Dr. Yun Namkung who works in primary and inpatient care at William Bee Ririe, and in Las Vegas, details his experiences with the disease, “We’ve been pretty packed. I thought we maybe would run out of room. And we almost did, in the last week and suddenly, it seems, because this is highly contagious, it’s almost like chicken pox.”  


The youngest White Pine County resident to die from Covid-19 was 37, the oldest, 86. Kunz’s response to those who suggest these deaths are the result of underlying conditions is simple, “There is no rhyme or reason as to who will or won’t die from this. Yes, you are more susceptible if you have diabetes, high blood pressure, heart disease, neurological problems, imuno disorders; sure those underlying conditions contribute, but, holy cow, this is serious.”


Covid testing has increased in recent days as well, placing additional burdens on the hospital system. Kunz and the nursing staff estimate an average between 70 to 100 tests per day. “We have plenty of testing supplies. These tests are showing that 40 % of the current cases are children or younger than 18 years old.  20% of current active cases are breakthrough cases, but no one vaccinated is hospitalized right now.” In addition to masks, Kunz and nursing staff recommend everyone get vaccinated as an effective way of protecting yourself and our overly taxed local healthcare system.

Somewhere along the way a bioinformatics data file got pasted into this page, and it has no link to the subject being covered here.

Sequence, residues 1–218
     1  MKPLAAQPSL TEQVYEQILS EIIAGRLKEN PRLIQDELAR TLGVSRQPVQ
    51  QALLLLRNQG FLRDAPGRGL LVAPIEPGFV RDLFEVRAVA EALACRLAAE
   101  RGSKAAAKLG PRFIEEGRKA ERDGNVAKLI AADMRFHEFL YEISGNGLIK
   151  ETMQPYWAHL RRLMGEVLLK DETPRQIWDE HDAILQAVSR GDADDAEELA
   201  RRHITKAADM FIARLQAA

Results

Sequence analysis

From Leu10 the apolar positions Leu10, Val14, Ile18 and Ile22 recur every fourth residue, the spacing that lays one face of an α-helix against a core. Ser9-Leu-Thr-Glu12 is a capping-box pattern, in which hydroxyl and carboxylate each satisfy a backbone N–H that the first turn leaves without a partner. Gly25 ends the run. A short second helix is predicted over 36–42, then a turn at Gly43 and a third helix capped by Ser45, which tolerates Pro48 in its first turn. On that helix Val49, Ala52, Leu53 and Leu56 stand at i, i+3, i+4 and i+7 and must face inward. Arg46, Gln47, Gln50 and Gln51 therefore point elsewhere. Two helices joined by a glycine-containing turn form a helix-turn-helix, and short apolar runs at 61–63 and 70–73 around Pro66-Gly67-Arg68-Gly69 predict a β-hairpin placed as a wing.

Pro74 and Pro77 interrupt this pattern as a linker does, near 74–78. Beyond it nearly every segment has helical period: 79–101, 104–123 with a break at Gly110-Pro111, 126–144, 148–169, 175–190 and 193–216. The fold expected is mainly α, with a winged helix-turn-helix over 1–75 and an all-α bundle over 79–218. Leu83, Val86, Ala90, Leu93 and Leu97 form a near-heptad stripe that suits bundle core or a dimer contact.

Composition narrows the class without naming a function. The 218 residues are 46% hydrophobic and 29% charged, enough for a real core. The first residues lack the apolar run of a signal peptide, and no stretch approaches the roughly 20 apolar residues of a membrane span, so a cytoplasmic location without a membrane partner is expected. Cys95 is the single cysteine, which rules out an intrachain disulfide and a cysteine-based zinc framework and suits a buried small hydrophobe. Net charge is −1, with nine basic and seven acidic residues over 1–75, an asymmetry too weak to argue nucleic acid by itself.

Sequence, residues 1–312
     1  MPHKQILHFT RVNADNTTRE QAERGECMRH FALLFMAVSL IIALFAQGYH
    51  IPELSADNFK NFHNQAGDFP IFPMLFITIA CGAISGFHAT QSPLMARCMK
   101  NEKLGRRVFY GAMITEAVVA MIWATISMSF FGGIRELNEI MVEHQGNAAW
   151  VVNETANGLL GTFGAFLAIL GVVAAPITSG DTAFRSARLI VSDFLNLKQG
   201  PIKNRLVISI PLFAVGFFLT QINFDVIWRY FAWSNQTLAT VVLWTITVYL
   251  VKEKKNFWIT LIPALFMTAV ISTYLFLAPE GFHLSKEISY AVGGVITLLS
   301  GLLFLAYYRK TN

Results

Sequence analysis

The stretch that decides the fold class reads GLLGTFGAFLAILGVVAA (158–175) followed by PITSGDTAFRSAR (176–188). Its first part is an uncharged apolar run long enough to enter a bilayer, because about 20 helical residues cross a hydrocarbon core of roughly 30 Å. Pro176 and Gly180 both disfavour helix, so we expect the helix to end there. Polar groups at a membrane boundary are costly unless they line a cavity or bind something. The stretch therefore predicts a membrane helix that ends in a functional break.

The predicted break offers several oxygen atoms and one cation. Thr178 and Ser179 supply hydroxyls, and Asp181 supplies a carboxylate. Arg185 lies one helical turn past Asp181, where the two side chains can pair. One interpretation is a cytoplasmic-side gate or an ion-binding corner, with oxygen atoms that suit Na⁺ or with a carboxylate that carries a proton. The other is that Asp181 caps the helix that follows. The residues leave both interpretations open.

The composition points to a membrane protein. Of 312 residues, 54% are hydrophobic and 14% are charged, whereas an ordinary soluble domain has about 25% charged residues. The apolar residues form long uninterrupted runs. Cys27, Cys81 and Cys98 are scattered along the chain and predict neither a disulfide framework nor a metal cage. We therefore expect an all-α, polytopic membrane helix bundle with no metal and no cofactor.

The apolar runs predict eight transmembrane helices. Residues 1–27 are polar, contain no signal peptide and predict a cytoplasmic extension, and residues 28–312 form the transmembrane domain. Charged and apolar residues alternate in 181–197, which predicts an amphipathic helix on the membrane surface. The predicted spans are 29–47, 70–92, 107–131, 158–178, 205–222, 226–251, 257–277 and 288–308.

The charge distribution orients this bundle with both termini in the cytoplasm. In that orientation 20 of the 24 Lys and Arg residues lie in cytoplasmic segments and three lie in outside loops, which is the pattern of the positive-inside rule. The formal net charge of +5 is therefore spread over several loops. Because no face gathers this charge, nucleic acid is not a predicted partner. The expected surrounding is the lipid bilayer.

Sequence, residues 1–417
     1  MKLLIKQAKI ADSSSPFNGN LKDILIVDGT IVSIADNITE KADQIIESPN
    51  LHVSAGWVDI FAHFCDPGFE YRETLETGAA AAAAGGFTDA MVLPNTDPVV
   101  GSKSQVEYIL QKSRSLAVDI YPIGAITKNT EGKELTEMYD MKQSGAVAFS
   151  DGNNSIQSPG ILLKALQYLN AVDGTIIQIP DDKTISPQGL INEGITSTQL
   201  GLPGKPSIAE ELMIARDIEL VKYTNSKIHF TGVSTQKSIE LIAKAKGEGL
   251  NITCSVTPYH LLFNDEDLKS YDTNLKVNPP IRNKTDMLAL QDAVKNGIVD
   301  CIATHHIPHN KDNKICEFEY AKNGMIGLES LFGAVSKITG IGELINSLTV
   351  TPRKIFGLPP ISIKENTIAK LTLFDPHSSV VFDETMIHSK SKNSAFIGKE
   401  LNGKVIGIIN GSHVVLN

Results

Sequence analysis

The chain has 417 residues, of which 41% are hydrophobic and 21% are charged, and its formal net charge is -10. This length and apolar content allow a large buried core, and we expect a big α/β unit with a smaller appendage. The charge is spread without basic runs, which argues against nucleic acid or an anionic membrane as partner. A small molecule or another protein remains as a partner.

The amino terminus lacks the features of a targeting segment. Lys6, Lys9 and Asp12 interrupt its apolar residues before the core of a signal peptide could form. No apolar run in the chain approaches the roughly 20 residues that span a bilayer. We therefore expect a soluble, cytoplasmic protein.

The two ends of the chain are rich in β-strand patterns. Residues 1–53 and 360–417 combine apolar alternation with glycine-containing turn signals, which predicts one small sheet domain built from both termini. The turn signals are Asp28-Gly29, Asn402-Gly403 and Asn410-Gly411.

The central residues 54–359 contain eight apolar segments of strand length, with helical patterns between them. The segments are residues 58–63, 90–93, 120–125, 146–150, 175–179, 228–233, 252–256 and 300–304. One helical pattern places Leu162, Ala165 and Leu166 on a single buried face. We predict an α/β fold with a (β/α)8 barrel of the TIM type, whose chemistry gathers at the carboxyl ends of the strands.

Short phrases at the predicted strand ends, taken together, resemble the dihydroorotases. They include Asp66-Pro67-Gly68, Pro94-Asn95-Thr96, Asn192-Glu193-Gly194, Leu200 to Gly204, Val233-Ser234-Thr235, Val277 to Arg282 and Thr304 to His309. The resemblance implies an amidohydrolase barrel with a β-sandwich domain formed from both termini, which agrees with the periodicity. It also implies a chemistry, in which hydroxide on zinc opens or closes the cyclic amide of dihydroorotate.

“I was scared to death when I got the shot. But, I’m glad I did.” said RN DeSteunder. As with any vaccine, Walker explains, while there may be adverse reactions to the shot, the symptoms are mild, “We’ve seen lightheadedness, dizziness, arm pain, muscle aches, headaches, nothing major, and all self limiting, they were fine after 24 to 48 hours. Out of 200, we had maybe 2 who had issues, but both completely recovered.”